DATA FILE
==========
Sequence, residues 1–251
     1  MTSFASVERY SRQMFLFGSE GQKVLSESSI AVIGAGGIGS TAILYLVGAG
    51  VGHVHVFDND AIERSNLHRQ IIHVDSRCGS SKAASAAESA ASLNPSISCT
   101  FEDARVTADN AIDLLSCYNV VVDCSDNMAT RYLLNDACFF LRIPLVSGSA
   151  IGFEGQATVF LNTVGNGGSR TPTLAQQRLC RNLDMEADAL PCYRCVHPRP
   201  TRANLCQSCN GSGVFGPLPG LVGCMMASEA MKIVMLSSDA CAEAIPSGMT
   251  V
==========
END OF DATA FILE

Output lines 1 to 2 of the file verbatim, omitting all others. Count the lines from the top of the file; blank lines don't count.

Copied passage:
Sequence, residues 1–251
     1  MTSFASVERY SRQMFLFGSE GQKVLSESSI AVIGAGGIGS TAILYLVGAG